MS Risk Blog

South Africa’s wave of gender-based violence in the age of coronavirus

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Amidst one of the deadliest pandemics in a generation that has forced the entire world to pause, the nation of South Africa finds itself unable to put a pause on the ongoing shameful phenomenon of gender-based violence. South Africa is steeped in a history of gender-based violence towards women which is rooted in outdated beliefs about women and is also a legacy of apartheid that has left the country with a culture of violence. This legacy from the struggle against apartheid has meant that in some spheres violence was seen as a legitimate means of resolving social, political and even domestic conflicts.

President Ramaphosa acknowledged that South Africa was one of the most unsafe places in the world to be a woman, in where as many as 51% of women in South Africa have experienced violence at the hands of someone they were in a relationship with. In September 2019, Ramaphosa admitted the country was in a national crisis of violence against women, as protestors took to the streets for a third successive day in the wake of a string of brutal attacks against women, including rape and murder. The government has made attempts to change the culture of gender-based violence by focusing on South Africa’s men, in addition to allotting more resources and money to special crimes courts, places of safety, clinics for survivors of sexual assault and training for the police. However, in the face of one of the world’s strictest lockdowns, the safety of women has once again become a central topic for national debate. Some of the rules of lockdown have meant movement from one location to another required a permit, which has meant victims of domestic violence were not able to leave their abusers, further exposing them to danger. Other victims were stopped by the police and ordered to go back home.

The exposure to danger that disproportionately affects women during lockdown in South Africa has once again been brought to the foreground by the recent murders of Tshegofatso Pule, Naledi Phangindawo and Sanele Mfaba. Tshegofatso, who went missing on 4 June 2020 and later found dead four days later, was eight months pregnant when found stabbed and hanging from a tree. Naledi is reported to have been murdered on 6 June 2020 after succumbing to multiple wounds caused by an axe and knife, allegedly at the hands of her partner. Sanele is reported to have been murdered by her boyfriend on 12 June 2020 and thereafter dumped under a tree in Soweto, Johannesburg. Theses heinous crimes prompted president Ramaphosa on 13 June 2020, to acknowledge that South Africa had become more dangerous for women during lockdown, while several protestors took to the streets and social media to demand justice for the victims. In the last year more than 2900 women were murdered in South Africa. Before the lockdown an average of 100 rapes were reported every day and experts say that this is just a fraction of what is going on. The implementation of a blanket lockdown that did not seem to take into account the increased risk to women where more than half of the female population has experienced violence from a partner, is  a damaging oversight that highlights the case for why gender-based violence needs to be more of a national priority in line with economic and other social concerns. Ramaphosa’s acknowledgement that women were at increased danger during lockdown in the absence of adequate provisions to counter said danger is little but empty sentiment when lives are being lost.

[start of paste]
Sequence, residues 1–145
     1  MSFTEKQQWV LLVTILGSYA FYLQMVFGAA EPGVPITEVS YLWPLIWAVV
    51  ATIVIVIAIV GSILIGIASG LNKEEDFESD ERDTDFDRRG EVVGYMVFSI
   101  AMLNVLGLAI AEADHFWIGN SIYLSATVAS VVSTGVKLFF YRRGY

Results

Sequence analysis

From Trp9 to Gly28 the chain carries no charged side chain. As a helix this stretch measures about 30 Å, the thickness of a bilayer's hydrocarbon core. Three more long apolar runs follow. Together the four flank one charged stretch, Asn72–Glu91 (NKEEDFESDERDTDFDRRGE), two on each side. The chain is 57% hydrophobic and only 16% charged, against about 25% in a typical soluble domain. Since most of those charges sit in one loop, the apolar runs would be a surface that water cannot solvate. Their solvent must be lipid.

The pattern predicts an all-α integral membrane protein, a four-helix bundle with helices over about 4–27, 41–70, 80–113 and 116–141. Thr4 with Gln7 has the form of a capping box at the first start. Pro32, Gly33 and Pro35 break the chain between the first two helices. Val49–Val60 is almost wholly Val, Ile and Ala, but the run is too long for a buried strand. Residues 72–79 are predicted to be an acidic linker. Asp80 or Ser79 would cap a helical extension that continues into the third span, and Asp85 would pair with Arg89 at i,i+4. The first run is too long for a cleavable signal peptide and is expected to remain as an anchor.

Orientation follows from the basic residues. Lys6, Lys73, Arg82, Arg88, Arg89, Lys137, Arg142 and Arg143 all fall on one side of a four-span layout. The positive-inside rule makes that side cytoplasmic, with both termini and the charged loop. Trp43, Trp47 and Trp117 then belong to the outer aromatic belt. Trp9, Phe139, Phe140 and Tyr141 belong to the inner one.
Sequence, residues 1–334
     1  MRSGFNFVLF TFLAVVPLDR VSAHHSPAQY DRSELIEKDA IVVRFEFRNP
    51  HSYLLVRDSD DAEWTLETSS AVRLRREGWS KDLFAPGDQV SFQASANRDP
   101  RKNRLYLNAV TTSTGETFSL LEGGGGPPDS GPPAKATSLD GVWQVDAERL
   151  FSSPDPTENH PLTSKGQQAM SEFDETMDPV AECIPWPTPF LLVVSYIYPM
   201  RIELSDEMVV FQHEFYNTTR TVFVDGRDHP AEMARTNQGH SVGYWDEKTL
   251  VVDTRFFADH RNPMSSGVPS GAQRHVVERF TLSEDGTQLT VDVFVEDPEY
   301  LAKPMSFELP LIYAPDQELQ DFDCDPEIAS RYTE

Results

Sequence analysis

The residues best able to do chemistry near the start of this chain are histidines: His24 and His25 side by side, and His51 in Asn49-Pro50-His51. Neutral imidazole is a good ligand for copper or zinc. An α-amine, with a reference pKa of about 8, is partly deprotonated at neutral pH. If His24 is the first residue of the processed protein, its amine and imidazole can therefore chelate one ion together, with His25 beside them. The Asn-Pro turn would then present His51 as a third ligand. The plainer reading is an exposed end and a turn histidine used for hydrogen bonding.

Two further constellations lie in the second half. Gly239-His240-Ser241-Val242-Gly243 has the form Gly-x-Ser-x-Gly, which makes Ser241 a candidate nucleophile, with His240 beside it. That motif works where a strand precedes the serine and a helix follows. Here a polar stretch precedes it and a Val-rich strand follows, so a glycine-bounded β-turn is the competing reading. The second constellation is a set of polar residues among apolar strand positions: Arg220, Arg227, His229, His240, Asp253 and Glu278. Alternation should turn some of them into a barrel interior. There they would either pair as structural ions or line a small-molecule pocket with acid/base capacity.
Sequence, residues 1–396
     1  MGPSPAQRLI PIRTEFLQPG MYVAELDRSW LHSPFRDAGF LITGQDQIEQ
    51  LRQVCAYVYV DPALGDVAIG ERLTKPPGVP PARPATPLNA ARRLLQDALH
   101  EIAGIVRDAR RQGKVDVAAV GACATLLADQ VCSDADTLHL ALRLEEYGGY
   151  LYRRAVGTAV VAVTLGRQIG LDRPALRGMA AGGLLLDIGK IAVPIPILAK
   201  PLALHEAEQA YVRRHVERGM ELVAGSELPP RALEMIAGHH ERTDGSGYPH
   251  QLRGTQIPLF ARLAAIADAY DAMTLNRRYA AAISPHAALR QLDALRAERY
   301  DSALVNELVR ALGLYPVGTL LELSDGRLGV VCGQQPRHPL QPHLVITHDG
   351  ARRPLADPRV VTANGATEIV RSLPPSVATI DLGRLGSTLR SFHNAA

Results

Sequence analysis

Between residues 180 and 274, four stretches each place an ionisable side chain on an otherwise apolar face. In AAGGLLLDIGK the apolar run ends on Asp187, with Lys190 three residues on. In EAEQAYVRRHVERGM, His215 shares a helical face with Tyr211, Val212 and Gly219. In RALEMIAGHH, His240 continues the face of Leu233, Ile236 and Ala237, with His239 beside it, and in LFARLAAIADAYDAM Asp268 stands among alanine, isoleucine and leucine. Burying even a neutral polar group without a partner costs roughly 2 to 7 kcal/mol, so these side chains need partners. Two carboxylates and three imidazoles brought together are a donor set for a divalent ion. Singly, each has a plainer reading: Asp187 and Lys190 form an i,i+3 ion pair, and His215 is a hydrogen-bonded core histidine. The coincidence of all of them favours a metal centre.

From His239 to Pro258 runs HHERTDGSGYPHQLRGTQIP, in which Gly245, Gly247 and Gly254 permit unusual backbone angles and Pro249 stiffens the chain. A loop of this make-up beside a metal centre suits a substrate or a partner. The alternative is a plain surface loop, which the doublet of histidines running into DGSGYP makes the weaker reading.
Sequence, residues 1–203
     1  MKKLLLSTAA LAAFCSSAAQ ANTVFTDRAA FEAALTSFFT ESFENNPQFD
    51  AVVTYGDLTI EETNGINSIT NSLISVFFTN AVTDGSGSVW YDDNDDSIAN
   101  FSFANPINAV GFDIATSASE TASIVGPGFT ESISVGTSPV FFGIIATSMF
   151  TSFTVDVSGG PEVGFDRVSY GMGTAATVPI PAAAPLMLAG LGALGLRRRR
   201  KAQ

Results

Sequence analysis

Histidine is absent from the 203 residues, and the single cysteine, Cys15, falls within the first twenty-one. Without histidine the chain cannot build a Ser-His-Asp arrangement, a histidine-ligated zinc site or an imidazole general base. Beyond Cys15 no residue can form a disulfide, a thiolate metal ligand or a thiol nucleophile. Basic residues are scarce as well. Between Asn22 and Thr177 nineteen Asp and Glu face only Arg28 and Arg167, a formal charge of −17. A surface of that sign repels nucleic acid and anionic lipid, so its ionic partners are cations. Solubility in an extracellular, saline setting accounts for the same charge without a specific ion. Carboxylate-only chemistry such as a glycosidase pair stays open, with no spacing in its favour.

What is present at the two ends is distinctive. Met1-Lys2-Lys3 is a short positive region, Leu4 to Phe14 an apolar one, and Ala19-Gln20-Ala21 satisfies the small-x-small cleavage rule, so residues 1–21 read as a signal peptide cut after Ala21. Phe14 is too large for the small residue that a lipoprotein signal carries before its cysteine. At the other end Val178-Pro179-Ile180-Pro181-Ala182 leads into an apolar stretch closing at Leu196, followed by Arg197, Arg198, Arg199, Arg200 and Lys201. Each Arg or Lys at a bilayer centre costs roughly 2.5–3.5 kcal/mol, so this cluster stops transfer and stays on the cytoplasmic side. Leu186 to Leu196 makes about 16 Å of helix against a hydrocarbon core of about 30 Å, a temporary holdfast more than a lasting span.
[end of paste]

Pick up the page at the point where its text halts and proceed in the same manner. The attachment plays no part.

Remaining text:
According to some frontline organisations, the cases of rape under the pandemic have increased although there has not been an equivalent addition of needed resources such as PPE and the continuation of vital programmes. In some cases, the management of the spread of coronavirus has taken so much precedence that some of the programmes aimed at addressing issues related to gender-based violence have had to be put on hold, meaning that violence could go unchecked. The pressures against national resources that the pandemic has caused have been noticeable in almost every activity of social, political and economic life, however what is also emergent is that gender-based violence has not taken a pause while the country and the world fight the coronavirus. The current statistics on gender-based violence during the pandemic concur with Ramaphosa’s own assessment that violent men are taking advantage of the eased restrictions on movement to attack women and children. Further to this, the startling correlation between the lifting of the alcohol-ban on 1 June 2020 certainly does create a need for the South African government to take further steps in addressing the issue of alcohol and substance abuse which have been historically closely linked with violent and criminal activity. During the first two months of the lockdown when alcohol was banned some hospitals reported a 70% reduction in trauma admissions. The damning exposure of violence against women during the age of coronavirus demonstrates that more must be done to enforce accountability. The pledge made by Ramaphosa in September 2019, to provide $75 million to strengthen the criminal justice system and provide better care for victims in one step among many in the right direction. However, the pandemic has exposed the urgency of the national issue is one that is equally as pressing as the pandemic. The recovery package of the country will also have to consider further protections and resources for gender-based violence and clear accountability that leads to deterrence and prevention, because the lack of resources and state provisions to help victims has in part lead to further endangerment. The issue of gender-based violence in South Africa is widespread and deeply entrenched within institutions, cultures and traditions in where the balance of power predominantly lies with men, countering this will require a courageous dismantling of the status-quo from various approaches and wider engagement that incorporates both top-down and bottom-up solutions.